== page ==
Isolated word recognition in the Sigma cognitive architecture (bibtex)
by Joshi, Himanshu, Rosenbloom, Paul S. and Ustun, Volkan
Abstract:
Symbolic architectures are effective at complex cognitive reasoning, but typically are incapable of important forms of sub-cognitive processing – such as perception – without distinct modules connected to them via low-bandwidth interfaces. Neural architectures, in contrast, may be quite effective at the latter, but typically struggle with the former. Sigma has been designed to leverage the state-of-the-art hybrid (discrete + continuous) mixed (symbolic + probabilistic) capability of graphical models to provide in a uniform non-modular fashion effective forms of, and integration across, both cognitive and sub-cognitive behavior. Here it is shown that Sigma is not only capable of performing a simple variant of speech recognition via the same knowledge structures and reasoning algorithm used for cognitive processing, but also of leveraging its existing knowledge templates and learning algorithm to acquire automatically most of the structures and parameters needed for this recognition activity.
Reference:
Isolated word recognition in the Sigma cognitive architecture (Joshi, Himanshu, Rosenbloom, Paul S. and Ustun, Volkan), In Biologically Inspired Cognitive Architectures, volume 10, 2014.
Bibtex Entry:
@article{joshi_isolated_2014,
	title = {Isolated word recognition in the {Sigma} cognitive architecture},
	volume = {10},
	issn = {2212683X},
	url = {http://linkinghub.elsevier.com/retrieve/pii/S2212683X14000644},
	doi = {10.1016/j.bica.2014.11.001},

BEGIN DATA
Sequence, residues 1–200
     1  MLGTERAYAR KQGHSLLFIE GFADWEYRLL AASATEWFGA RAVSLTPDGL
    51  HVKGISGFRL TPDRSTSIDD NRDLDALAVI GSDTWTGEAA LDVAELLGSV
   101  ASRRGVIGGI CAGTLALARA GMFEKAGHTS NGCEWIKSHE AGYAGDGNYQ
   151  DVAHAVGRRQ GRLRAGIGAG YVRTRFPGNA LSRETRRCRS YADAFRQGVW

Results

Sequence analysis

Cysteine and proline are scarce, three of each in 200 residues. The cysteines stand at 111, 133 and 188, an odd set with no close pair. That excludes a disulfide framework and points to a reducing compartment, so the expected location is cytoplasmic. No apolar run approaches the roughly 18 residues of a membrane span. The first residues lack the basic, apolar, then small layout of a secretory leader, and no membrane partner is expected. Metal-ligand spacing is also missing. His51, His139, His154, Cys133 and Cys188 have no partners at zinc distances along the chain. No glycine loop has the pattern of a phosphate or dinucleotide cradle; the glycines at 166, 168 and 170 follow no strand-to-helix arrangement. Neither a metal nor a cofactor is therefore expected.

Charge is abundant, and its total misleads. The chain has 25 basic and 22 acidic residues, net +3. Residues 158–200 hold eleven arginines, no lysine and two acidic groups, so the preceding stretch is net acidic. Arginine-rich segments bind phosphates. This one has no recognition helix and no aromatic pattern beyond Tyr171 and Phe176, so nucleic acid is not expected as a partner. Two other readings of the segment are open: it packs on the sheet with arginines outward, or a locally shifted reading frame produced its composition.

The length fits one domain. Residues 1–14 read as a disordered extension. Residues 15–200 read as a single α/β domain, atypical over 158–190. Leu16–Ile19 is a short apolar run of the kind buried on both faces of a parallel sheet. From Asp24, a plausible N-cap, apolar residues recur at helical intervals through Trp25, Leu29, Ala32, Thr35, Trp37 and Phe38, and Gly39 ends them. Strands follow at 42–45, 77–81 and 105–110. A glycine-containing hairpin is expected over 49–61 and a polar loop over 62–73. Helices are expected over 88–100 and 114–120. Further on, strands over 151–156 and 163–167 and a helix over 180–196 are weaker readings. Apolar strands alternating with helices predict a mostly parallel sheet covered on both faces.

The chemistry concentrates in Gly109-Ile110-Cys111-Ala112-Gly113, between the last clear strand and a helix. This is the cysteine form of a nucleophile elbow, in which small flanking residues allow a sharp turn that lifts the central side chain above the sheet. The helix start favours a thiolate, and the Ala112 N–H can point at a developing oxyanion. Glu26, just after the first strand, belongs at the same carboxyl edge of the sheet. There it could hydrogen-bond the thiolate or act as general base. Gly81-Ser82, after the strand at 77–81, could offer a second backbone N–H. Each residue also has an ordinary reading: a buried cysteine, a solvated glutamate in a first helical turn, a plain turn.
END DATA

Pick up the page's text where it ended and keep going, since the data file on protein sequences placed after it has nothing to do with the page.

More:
abstract = {Symbolic architectures are effective at complex cognitive reasoning, but typically are incapable of important forms of sub-cognitive processing – such as perception – without distinct modules connected to them via low-bandwidth interfaces. Neural architectures, in contrast, may be quite effective at the latter, but typically struggle with the former. Sigma has been designed to leverage the state-of-the-art hybrid (discrete + continuous) mixed (symbolic + probabilistic) capability of graphical models to provide in a uniform non-modular fashion effective forms of, and integration across, both cognitive and sub-cognitive behavior. Here it is shown that Sigma is not only capable of performing a simple variant of speech recognition via the same knowledge structures and reasoning algorithm used for cognitive processing, but also of leveraging its existing knowledge templates and learning algorithm to acquire automatically most of the structures and parameters needed for this recognition activity.},
	journal = {Biologically Inspired Cognitive Architectures},
	author = {Joshi, Himanshu and Rosenbloom, Paul S. and Ustun, Volkan},
	month = oct,
	year = {2014},
	keywords = {CogArch, Cognitive Architecture, UARC},
	pages = {1--9}
}
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